Discursive Strata

  • John R. WelchEmail author
Part of the Theory and Decision Library A: book series (TDLA, volume 49)


Chapter 1 introduces the strata that structure this work: phenomenal, instrumental, and teleological moral discourse. After an overview of the approach to moral strata presented in this volume, the chapter offers a quick reprise of the method of reflective equilibrium as elaborated by Goodman, Rawls, and Daniels. It then considers five objections to this method in its canonical formulations. Objections couched in terms of moral conservatism, moral diversity, and the moral weight of considered judgments are judged unsuccessful, while objections based on the nature of considered judgments and the relation to intuitionism are found to be more problematic. In order to meet these last two objections, the chapter reworks the received view of reflective equilibrium by defining an alternative notion of wide reflective equilibrium. This alternative is presented as a cognitive ideal: coherence among phenomenal, instrumental, and teleological discursive strata in addition to background theories. How moral discourse might achieve coherence of this sort is the subject of successive chapters.


Decision Theory Moral Theory Moral Belief Inductive Logic Background Theory 
These keywords were added by machine and not by the authors. This process is experimental and the keywords may be updated as the learning algorithm improves.


  1. Amit, Ron. 2006. Rawls as a critical theorist: Reflective equilibrium after the ‘deliberative turn’. Philosophy and Social Criticism 32:173–191.CrossRefGoogle Scholar
  2. Aristotle. 1984. Nicomachean Ethics. In The complete works of Aristotle, ed. Jonathan Barnes, vol. 2, 1729–1867. Princeton: Princeton University Press.Google Scholar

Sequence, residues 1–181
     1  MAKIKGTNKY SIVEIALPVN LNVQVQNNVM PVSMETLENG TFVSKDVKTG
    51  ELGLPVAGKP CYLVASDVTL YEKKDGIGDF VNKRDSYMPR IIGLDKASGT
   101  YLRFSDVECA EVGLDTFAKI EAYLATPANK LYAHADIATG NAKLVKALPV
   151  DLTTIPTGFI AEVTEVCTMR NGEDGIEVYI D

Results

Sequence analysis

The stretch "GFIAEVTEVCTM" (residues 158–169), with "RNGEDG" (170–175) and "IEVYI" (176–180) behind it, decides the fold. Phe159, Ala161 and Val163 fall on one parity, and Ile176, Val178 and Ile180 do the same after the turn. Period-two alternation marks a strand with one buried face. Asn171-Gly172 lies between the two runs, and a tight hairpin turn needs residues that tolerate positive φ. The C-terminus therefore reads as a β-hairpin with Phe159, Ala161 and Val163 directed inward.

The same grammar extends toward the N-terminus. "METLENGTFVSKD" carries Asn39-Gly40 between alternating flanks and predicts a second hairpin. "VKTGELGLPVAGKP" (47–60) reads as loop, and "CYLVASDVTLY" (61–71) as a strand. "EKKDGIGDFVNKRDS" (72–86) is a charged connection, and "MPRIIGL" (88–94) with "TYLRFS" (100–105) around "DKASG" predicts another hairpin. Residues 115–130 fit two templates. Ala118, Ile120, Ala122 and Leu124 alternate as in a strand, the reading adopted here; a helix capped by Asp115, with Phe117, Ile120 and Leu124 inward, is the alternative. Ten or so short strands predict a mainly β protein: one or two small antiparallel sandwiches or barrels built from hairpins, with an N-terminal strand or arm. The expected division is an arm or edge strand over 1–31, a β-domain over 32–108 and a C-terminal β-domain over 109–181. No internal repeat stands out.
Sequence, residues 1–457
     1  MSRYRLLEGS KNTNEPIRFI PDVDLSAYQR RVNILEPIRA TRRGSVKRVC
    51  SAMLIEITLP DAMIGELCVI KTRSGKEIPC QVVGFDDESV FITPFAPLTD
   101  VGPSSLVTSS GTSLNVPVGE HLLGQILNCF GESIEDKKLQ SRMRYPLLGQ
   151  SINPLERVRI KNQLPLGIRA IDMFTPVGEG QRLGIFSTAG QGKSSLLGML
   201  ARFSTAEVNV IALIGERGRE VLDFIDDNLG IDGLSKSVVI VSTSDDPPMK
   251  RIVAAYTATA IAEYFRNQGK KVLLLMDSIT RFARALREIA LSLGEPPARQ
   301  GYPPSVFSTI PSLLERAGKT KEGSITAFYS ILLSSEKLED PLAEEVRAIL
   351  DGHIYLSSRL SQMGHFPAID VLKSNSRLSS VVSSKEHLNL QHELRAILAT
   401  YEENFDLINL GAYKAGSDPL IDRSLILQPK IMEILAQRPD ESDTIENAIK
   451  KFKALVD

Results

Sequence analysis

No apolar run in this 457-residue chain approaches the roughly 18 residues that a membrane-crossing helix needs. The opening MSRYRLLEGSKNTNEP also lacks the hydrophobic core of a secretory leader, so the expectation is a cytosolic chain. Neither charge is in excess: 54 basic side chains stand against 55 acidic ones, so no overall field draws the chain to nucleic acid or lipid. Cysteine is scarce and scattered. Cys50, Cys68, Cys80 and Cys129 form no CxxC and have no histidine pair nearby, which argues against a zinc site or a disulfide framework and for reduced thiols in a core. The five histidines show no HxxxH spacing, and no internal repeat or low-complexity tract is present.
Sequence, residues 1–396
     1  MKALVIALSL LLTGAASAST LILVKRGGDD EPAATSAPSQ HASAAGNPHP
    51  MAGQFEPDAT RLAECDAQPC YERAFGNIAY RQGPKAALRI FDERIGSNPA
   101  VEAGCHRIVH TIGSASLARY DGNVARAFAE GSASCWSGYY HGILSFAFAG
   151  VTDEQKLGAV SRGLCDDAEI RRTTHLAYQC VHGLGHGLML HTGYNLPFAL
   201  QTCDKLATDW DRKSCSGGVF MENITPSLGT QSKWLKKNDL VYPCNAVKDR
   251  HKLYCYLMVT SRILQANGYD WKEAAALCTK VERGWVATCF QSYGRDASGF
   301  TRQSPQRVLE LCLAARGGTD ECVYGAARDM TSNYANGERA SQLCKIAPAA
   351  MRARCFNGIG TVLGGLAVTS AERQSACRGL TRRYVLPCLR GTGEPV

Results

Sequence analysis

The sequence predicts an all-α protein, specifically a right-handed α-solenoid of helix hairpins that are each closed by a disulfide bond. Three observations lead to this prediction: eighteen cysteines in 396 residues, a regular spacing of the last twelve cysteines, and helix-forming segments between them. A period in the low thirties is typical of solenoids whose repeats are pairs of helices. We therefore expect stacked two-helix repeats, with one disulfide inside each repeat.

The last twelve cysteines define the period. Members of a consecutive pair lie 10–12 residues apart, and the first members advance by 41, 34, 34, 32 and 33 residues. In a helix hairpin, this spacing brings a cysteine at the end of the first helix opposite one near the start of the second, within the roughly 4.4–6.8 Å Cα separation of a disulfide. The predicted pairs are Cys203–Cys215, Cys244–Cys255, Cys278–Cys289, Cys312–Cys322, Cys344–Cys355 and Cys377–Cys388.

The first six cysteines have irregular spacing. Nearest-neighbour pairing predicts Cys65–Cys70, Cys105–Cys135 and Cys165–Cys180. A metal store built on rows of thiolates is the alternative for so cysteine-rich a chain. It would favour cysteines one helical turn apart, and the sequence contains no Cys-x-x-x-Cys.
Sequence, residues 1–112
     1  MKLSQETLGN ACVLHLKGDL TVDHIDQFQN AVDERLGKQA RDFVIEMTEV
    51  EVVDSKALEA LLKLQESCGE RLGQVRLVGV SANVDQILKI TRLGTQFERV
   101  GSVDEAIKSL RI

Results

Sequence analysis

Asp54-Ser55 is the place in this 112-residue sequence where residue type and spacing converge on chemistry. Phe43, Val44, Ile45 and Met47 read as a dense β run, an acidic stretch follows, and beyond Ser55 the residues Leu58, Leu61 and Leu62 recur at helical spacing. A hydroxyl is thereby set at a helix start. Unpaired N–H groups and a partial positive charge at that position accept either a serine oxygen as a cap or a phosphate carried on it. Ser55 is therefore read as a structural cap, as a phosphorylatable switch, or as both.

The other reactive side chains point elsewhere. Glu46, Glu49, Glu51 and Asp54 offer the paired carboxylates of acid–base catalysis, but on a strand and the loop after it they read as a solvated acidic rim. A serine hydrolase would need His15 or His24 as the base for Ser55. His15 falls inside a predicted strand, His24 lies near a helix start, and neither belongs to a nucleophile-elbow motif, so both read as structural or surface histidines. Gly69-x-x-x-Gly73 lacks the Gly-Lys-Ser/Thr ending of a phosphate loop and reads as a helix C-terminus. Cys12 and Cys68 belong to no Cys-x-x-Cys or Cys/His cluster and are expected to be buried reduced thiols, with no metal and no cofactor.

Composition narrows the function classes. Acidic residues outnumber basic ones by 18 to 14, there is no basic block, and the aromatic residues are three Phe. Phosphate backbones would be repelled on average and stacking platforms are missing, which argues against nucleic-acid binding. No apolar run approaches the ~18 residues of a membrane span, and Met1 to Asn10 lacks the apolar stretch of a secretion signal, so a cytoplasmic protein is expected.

3. Aristotle. 1984. The complete works of Aristotle, ed. Jonathan Barnes. Princeton: Princeton University Press.Google Scholar
  4. Bates, Jared. 2004. Reflective equilibrium and underdetermination in epistemology. Acta Analytica 19:45–64.CrossRefGoogle Scholar
  5. Brand-Ballard, Jeffrey. 2003. Consistency, common morality, and reflective equilibrium. Kennedy Institute of Ethics Journal 13:231–258.CrossRefGoogle Scholar
  6. Brandt, Richard B. 1954. Hopi ethics: A theoretical analysis. Chicago: University of Chicago Press.Google Scholar
  7. Brandt, Richard B. 1979. A theory of the good and the right. Oxford: Clarendon Press.Google Scholar
  8. Brandt, Richard B. 1990. The science of man and wide reflective equilibrium. Ethics 100:259–278.CrossRefGoogle Scholar
  9. Daniels, Norman. 1979. Wide reflective equilibrium and theory acceptance in ethics. The Journal of Philosophy 76:256–282.CrossRefGoogle Scholar
  10. Daniels, Norman. 1996. Justice and justification: Reflective equilibrium in theory and practice. Cambridge: Cambridge University Press.CrossRefGoogle Scholar
  11. DePaul, Michael R. 1986. Reflective equilibrium and foundationalism. American Philosophical Quarterly 23:59–69.Google Scholar
  12. Dewey, John. 1922. Human nature and conduct: An introduction to social psychology. In The middle works, 1899–1924, ed. Jo Ann Boydston and Patricia Baysinger. vol. 14. Carbondale: Southern Illinois University Press, 1983.Google Scholar
  13. Dreier, James. 2006. Contemporary debates in moral theory. Oxford: Blackwell.Google Scholar
  14. Elgin, Catherine Z. 1989. The relativity of fact and the objectivity of value. In Relativism: Interpretation and confrontation, ed. Michael Krausz, 86–98. Notre Dame: University of Notre Dame Press.Google Scholar
  15. Elgin, Catherine Z. 1996. Considered judgment. Princeton: Princeton University Press.Google Scholar
  16. Gauthier, David. 1986. Morals by agreement. Oxford: Clarendon Press.Google Scholar
  17. Goodman, Nelson. 1979. Fact, fiction, and forecast. 3rd ed. Indianapolis: Hackett.Google Scholar